TIMELINE-Biogen’s Alzheimer’s drug hits brakes on Medicare coverage

April 8 (Reuters) – The U.S. government health plan for people over 65 on Thursday issued its final coverage policy for Biogen’s Alzheimer’s drug Aduhelm, moving forward with an unusually strict plan that would limited to patients in clinical trials.

Below are the events of the drug’s controversial and prolonged approval last June and developments since:

2007: Neurimmune Therapeutics, a spin-off of the University of Zurich, licensed the exclusive rights to aducanumab to Biogen. (https://bit.ly/3g3MlFm)

March 2014: Eisai Co Ltd agrees to collaborate with Biogen to develop treatments for Alzheimer’s disease, including an option for the Tokyo-based company to co-develop and commercialize aducanumab. (https://bit.ly/3JgMGRu)

March 2015: The first sign that aducanamab might work is seen when Biogen publishes interim data from a small study that showed a reduction in brain-destroying amyloid plaque and a decrease in clinical deterioration in patients with mild disease. (https://reut.rs/3g1HHHM) July 2015: Biogen’s trial of 6 milligrams of aducanumab, a dose it expected to be effective without producing the brain swelling seen at higher doses, failed to significantly slow the mental deterioration. (https://reut.rs/37xO1Gx)

September 2015: Biogen began testing aducanumab in people with early Alzheimer’s disease in its two late-stage global studies known as ENGAGE and EMERGE. (https://bwnews.pr/34IyKhd)

March 2019: An independent committee monitoring its large trials found Aducanamab unlikely to succeed. Biogen ended the studies and lost $18 billion in market value. (https://reut.rs/3cax98b)

Oct 2019: New analysis of two discontinued studies showed the drug slowed Alzheimer’s progression, and Biogen revived plans to seek US approval (https://reut.rs/3pgD8gZ)

July 2020 – Biogen completed the submission of a Biologics License Application to the US FDA for approval of aducanumab. (https://bit.ly/3E1aHLu)

November 2020 – FDA staff said Biogen showed “exceptionally persuasive” evidence that aducanumab is effective in published papers ahead of a meeting of outside experts who considered recommending approval. (https://reut.rs/3ujL4Cj)

November 2020: The FDA’s external advisory panel disagreed with agency staff, voting that aducanumab had not been shown to slow disease progression. (https://reut.rs/3rd58nN)

June 2021: The US health regulator approved aducanumab, branded as Aduhelm, saying reducing amyloid plaque is likely to slow the rate of cognitive decline in Alzheimer’s patients. The agency resorted to an accelerated path designed to bring promising drugs to market quickly to enable the switch.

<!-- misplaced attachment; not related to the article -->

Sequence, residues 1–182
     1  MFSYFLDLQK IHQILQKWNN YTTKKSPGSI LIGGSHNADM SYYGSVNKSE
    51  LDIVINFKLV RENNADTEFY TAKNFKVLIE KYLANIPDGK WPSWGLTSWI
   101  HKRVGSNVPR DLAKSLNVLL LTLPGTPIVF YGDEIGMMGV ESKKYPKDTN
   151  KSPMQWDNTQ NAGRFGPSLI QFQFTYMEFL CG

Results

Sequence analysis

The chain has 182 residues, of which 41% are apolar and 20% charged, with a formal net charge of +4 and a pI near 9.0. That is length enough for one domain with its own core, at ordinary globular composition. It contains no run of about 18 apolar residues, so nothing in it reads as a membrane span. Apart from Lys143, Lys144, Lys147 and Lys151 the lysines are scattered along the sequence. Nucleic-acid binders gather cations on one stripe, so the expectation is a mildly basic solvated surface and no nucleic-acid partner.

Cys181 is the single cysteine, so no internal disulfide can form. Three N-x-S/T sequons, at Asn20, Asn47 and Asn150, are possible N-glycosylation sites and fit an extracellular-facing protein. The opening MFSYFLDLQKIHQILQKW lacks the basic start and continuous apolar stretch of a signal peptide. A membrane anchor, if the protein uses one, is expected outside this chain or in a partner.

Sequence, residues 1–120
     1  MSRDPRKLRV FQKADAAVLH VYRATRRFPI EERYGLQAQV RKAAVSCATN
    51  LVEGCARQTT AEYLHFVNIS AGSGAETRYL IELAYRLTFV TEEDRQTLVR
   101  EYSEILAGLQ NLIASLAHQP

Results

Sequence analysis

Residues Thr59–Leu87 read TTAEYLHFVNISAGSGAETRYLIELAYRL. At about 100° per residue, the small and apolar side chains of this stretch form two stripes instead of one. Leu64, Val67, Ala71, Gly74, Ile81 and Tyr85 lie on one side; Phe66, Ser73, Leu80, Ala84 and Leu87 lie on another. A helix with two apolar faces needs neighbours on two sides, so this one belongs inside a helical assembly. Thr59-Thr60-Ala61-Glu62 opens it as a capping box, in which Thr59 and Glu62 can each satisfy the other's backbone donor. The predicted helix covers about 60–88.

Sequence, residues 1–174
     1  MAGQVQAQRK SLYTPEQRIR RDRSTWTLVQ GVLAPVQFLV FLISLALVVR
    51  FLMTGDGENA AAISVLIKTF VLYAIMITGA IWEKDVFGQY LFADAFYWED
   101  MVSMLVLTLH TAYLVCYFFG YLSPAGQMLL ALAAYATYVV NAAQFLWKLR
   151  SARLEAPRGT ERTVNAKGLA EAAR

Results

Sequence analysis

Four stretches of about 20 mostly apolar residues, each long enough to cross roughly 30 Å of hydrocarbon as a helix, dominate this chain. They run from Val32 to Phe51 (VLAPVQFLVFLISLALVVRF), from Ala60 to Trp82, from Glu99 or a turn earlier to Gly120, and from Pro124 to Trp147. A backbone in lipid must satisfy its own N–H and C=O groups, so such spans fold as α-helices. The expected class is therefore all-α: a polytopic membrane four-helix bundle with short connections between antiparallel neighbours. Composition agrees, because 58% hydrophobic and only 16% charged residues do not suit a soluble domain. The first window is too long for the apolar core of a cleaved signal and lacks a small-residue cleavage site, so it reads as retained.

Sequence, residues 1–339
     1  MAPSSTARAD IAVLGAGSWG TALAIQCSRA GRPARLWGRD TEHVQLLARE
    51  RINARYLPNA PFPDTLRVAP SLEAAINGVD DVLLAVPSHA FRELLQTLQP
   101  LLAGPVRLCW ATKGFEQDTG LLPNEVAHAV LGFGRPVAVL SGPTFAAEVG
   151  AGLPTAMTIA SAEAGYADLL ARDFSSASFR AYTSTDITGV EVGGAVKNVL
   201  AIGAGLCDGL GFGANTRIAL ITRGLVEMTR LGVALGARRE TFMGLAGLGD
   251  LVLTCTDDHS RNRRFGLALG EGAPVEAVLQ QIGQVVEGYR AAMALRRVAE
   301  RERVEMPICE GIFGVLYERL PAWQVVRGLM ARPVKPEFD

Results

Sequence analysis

June 2021: Biogen priced the drug at $56,000 per year for a person of average weight.

June 2021: The FDA released documents revealing disagreements within the agency over the decision to approve the drug. At least three members of a panel of outside advisers to the regulator have resigned in protest. July 2021: The FDA changed its initial blanket decision on the use of Aduhelm to restrict the drug to patients with mild cognitive impairment or mild Alzheimer’s stage dementia. The agency called for an independent federal investigation into its interactions with Biogen.

July 2021: Biogen posted second quarter sales of approximately $2 million from Aduhelm. The company said a “large portion” of that revenue reflected inventory buildup and had not yet been dispensed to patients.

August-September 2021: US lawmakers launched an investigation into the drug’s accelerated approval and requested documents from the FDA related to the decision.

Oct 2021 – Aduhelm generated much lower than expected sales of $300,000 in its first full quarter as doctors refrained from using the drug.

December 2021: The European Medicines Agency rejected Aduhelm, saying the link between the drug’s beta-amyloid reduction and a clinical improvement of the disease had not been established.

December 2021: The company cut the US price of the drug in half, to $28,200.

January 2022: US Medicare announced plans to cover Aduhelm only for patients enrolled in a clinical trial, limiting access to the drug.

February 2022: The Federal Trade Commission and the Securities and Exchange Commission began investigating Biogen for the drug.

March 2022: Tokyo-based partner Eisai reduces its role to a royalty deal, giving up the right to share Aduhelm’s profits.

March 2022: Biogen published data from its long-term studies in the less well-known Journal of Prevention of Alzheimer’s Disease. April 2022: The Centers for Medicare & Medicaid Services issued its final coverage policy for Aduhelm. (Reporting by Bhanvi Satija in Bengaluru; Editing by Bill Berkrot, Peter Henderson and Sriraj Kalluvila)

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